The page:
an unanticipated consequence of
Jack M. Balkin
Jack Balkin: jackbalkin at yahoo.com
Bruce Ackerman bruce.ackerman at yale.edu
Ian Ayres ian.ayres at yale.edu
Mary Dudziak mary.l.dudziak at emory.edu
Joey Fishkin joey.fishkin at gmail.com
Heather Gerken heather.gerken at yale.edu
Abbe Gluck abbe.gluck at yale.edu
Mark Graber mgraber at law.umaryland.edu
Stephen Griffin sgriffin at tulane.edu
Bernard Harcourt harcourt at uchicago.edu
Scott Horton shorto at law.columbia.edu
Andrew Koppelman akoppelman at law.northwestern.edu
Marty Lederman msl46 at law.georgetown.edu
Sanford Levinson slevinson at law.utexas.edu
David Luban david.luban at gmail.com
Gerard Magliocca gmaglioc at iupui.edu
Jason Mazzone mazzonej at illinois.edu
Linda McClain lmcclain at bu.edu
John Mikhail mikhail at law.georgetown.edu
Frank Pasquale pasquale.frank at gmail.com
Nate Persily npersily at gmail.com
Michael Stokes Paulsen michaelstokespaulsen at gmail.com
Deborah Pearlstein dpearlst at princeton.edu
Rick Pildes rick.pildes at nyu.edu
Alice Ristroph alice.ristroph at shu.edu
Neil Siegel siegel at law.duke.edu
Brian Tamanaha btamanaha at wulaw.wustl.edu
Mark Tushnet mtushnet at law.harvard.edu
Adam Winkler winkler at ucla.edu
When Will the Military Commissions Act Become Law?
Not, it appears, for at least another week. The bill, S.3930, was "cleared" for the White House ten days ago, but has not yet actually been presented to the President, and so the ten-day clock has not yet begun to run. Odds are that the White House has asked the Congress to hold off, so that the Administration can schedule the signing statement for a date of its choosing.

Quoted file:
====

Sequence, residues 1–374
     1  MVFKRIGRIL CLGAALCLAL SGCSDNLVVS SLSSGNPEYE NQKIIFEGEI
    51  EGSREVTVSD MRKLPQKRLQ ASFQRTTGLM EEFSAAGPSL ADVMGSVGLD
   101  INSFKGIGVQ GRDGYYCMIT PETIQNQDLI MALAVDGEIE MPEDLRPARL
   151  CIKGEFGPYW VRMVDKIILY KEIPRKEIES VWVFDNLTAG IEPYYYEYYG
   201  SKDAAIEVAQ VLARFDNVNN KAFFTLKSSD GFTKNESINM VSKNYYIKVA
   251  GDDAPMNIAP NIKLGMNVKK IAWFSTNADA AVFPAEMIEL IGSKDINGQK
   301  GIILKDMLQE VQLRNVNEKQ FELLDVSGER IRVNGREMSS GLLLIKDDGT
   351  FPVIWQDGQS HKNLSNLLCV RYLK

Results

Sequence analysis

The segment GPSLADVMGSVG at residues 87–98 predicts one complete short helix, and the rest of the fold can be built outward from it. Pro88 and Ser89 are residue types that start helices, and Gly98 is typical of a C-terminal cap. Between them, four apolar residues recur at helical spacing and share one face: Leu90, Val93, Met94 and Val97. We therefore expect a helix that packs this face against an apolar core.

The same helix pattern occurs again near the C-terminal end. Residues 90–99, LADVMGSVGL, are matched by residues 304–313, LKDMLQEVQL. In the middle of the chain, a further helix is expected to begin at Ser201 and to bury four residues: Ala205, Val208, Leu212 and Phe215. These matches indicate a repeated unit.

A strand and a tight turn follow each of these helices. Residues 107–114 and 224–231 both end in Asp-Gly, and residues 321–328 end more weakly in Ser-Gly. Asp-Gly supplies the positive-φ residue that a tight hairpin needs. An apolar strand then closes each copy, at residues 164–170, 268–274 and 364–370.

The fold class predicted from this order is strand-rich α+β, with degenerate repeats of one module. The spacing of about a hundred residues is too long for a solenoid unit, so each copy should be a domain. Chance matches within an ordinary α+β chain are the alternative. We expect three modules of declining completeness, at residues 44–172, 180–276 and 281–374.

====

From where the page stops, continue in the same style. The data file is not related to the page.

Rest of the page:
But the GOP made out that it was critical to pass this bill before the election. Now Bush doesn't know when he's going to sign it? Something doesn't compute here. Or, rather, something computes all too well.
By the way, what's the case law (if any) on presentation? How long can congress delay presenting a bill? For months? Years? Forever? If this power is unbounded, we will soon be treated to congresses passing loads of wishlist items that otherwise would be vetoed, then putting them on indefinite hold until the presidency is occupied by someone who won't veto them. That's a really Bad Thing because it separates the congressional debate (ha!) from the enactment, thus making it much more difficult for the public to supervise the congress and the president.
I wonder how long it will take until this law comes before the supreme court.
This is from a report of "Deutsche Welle": In a speech at the Brookings Institution on thursday, retired supreme court justice Sandra Day O'Connor cited the constitution, saying habeas corpus may only be supended in time of rebellion or invasion.
With a sense of irony she added, there were no cases of rebellion or invasion in the recent history of the united states. Everybody would come to that conclusion. No one in the audience seemed to disagree.